There is still a touching confidence among many in the City that the US authorities will provide the “leadership” to reinforce collapsing markets. As John Plender of the Financial Times quipped, “Gaul votes for Rome to take the strain.” This seems to me to display a total incomprehension of the way US authorities operate to externalise pain and loss to the greatest extent possible in times of crisis. Gaul, after all, was an occupied state that was militarily and economically exploited to Rome’s advantage for centuries before Rome’s collapse. Saving Gaul was never a high priority once Rome was threatened.
Elsewhere in the world, bureaucrats continue to show up at the office in the morning and check to make sure all boxes are ticked, all forms are correctly ordered, and all initiatives in progress continue their stately way forward unimpeded by global chaos. I find this comforting, although much of their efforts will ultimately prove futile and failed.
Finally, an optimistic note. I was reminded yesterday that the vast bulk of “wealth” created during the Greenspan/Bernanke bubble years accrued to the very top percentiles of population – with many in the OECD middle class and lower class either stagnating or getting poorer as they mired themselves in unsustainable debt. While opportunity and employment grew strongly in emerging countries, there too the elites gained disproportionately as income inequalities surged. The crash of global financial markets therefore will have disproportionate effect on the elites, impoverishing them to a far greater extent, although it will be felt throughout society as employment, pensions, investments and public services contract.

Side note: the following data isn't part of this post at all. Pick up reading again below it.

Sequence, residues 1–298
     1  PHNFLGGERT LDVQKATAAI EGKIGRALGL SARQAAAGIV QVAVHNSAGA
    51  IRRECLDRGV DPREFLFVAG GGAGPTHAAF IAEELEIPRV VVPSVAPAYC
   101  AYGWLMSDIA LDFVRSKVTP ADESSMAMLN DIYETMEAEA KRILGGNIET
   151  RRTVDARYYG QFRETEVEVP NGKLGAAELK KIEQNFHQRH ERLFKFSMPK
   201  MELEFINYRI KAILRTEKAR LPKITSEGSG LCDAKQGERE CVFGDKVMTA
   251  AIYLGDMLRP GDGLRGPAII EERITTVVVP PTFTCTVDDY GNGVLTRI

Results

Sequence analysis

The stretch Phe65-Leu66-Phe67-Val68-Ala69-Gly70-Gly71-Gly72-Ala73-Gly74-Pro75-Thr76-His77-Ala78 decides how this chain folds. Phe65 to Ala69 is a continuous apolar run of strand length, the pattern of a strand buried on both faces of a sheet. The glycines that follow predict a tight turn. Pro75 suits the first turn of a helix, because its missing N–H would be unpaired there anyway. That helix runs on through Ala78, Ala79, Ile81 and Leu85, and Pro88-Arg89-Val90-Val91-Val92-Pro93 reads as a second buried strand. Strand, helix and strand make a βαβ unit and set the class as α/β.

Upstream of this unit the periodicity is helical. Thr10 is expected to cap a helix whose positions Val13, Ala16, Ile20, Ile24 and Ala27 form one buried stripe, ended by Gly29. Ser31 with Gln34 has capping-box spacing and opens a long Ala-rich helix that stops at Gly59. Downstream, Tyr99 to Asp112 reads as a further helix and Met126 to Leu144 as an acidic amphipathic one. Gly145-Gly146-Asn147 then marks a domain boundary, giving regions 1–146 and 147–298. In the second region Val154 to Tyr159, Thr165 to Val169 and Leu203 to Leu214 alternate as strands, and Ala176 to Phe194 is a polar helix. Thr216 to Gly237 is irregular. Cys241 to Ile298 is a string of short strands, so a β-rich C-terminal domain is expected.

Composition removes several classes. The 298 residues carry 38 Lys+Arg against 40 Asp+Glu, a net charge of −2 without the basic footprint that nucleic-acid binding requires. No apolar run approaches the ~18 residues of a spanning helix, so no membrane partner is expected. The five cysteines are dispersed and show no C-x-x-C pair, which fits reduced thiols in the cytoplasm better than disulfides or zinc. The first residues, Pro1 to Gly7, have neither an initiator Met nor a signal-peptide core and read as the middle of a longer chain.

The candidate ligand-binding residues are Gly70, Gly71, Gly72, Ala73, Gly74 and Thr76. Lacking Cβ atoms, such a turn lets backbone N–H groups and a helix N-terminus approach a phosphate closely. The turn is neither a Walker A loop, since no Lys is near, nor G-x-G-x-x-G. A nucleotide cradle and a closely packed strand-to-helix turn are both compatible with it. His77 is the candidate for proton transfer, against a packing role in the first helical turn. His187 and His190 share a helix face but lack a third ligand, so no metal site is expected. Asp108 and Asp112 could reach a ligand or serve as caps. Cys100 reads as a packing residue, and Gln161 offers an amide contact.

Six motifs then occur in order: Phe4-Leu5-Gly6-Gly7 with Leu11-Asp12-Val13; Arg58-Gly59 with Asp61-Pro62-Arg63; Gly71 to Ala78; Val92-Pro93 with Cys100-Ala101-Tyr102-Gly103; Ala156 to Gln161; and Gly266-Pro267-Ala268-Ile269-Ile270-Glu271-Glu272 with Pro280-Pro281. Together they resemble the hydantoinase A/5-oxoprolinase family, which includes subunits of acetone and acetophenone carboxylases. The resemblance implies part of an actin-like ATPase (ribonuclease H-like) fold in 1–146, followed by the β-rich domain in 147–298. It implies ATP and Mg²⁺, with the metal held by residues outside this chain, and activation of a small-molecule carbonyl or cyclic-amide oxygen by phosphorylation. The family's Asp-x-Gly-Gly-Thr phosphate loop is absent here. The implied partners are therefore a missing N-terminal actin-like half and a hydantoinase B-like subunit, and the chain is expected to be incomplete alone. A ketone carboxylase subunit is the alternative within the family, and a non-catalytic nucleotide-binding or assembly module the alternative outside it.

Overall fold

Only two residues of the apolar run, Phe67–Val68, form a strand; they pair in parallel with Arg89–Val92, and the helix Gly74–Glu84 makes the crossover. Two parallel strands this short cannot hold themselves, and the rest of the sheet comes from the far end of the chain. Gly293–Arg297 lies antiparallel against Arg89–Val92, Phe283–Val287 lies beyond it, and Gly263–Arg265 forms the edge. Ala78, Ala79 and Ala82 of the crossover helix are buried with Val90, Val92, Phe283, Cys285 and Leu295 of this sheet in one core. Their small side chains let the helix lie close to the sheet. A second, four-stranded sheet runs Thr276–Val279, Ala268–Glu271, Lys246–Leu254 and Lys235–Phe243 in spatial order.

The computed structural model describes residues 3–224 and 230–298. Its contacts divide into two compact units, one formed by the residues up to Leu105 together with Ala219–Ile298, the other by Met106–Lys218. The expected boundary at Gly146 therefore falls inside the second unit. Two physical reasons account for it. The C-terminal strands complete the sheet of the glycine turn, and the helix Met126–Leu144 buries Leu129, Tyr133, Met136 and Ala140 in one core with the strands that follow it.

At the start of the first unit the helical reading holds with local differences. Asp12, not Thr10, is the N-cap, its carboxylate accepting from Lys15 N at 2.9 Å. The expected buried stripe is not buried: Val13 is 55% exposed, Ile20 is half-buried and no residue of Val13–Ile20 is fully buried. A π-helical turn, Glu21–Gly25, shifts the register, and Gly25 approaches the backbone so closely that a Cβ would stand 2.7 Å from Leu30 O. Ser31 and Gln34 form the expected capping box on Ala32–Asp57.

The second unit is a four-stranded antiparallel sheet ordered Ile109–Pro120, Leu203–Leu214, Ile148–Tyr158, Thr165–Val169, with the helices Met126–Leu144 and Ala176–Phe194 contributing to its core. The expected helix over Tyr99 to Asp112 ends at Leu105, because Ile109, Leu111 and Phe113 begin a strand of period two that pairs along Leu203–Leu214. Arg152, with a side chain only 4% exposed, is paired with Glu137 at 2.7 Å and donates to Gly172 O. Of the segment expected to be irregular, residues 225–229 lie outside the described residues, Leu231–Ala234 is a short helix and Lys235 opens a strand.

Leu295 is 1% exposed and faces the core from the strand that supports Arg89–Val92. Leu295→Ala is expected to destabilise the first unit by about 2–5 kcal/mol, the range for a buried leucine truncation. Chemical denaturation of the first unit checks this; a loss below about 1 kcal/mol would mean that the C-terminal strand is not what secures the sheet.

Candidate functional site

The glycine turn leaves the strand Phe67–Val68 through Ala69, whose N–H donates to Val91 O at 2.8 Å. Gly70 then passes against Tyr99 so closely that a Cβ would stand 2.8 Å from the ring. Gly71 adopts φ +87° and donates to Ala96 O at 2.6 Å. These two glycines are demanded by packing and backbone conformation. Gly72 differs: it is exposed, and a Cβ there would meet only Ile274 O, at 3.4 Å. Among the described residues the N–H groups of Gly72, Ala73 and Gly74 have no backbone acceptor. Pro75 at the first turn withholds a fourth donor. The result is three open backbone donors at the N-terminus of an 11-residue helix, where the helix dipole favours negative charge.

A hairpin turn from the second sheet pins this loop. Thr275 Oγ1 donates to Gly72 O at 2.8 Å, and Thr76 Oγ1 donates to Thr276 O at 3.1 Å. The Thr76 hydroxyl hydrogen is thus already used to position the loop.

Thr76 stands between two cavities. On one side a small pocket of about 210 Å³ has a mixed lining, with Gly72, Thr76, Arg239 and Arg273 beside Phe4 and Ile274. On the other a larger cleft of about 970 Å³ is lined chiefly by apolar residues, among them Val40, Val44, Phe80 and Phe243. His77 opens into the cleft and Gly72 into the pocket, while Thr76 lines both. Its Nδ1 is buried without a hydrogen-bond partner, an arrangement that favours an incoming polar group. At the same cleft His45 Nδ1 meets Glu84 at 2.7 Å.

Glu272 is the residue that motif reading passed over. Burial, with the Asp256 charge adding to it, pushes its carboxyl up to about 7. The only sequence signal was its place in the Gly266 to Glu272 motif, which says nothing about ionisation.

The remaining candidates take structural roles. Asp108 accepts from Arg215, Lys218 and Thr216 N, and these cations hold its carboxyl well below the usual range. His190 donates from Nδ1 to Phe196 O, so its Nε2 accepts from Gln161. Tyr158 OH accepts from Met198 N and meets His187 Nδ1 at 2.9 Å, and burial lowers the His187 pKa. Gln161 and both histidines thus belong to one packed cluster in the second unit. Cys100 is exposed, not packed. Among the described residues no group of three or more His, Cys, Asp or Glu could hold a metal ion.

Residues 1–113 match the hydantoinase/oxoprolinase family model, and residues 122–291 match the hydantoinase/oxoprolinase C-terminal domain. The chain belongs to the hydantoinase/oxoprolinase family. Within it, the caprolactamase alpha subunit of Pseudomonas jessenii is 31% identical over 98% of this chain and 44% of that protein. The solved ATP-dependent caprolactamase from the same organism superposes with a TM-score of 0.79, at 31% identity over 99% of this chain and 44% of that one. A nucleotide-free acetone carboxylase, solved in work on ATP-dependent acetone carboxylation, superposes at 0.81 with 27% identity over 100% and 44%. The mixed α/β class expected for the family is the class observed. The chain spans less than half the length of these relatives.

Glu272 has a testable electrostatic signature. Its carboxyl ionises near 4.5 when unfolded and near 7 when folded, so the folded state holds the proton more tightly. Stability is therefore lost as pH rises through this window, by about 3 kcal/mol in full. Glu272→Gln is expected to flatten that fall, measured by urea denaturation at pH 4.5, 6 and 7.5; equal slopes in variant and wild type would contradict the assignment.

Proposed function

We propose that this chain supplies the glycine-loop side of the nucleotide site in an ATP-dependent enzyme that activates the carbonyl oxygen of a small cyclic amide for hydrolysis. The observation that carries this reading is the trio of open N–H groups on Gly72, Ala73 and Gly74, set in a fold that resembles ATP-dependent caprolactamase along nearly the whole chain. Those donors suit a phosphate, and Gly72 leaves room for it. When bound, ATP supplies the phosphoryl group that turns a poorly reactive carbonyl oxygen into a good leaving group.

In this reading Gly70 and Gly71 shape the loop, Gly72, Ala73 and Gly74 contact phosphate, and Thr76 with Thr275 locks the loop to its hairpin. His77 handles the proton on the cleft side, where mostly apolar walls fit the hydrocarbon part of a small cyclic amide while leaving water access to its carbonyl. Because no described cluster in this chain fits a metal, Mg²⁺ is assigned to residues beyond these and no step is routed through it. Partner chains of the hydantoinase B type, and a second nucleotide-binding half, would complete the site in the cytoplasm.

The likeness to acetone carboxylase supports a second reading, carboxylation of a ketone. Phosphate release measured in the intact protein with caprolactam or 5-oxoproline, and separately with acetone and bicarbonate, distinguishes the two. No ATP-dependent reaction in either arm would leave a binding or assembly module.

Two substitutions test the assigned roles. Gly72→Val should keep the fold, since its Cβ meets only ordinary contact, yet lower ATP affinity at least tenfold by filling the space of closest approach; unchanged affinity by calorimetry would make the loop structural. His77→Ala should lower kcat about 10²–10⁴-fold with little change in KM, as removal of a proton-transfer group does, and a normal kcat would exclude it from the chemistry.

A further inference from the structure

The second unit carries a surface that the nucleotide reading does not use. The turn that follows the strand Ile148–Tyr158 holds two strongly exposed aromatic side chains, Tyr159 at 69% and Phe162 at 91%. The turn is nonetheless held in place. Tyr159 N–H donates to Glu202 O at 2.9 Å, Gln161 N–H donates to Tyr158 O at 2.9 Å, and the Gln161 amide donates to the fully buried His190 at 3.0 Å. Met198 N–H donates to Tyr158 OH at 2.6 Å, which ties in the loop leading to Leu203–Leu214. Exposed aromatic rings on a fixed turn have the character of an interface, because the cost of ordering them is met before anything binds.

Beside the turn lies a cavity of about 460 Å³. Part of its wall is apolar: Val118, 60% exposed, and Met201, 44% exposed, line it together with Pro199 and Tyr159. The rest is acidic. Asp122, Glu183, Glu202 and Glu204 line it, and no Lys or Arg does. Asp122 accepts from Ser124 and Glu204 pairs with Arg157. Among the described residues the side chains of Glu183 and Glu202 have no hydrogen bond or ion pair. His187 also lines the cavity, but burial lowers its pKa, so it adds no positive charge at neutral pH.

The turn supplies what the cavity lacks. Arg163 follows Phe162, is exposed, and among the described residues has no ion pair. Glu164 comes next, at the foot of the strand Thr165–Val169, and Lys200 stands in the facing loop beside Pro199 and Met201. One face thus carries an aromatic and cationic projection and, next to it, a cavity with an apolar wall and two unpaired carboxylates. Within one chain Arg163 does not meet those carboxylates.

Once we hit bottom of this downturn, some years hence in all probability, we may experience a democratisation of wealth and opportunity like none seen since the end of World War II when education reforms and unionisation laid the groundwork for the rise of the American and OECD middle classes. Those who have lost economic and political power during the boom years, are likely to organise and retake authority within economic and political systems during the bust years. The collapse of concentrated wealth in Wall Street will spur more collaborative capital formation and investment throughout the economy. This could provide reorientation of economic progress toward more equitable, sustainable and democratic outcomes in coming generations. I hope so, it’s the only bright spot of the week.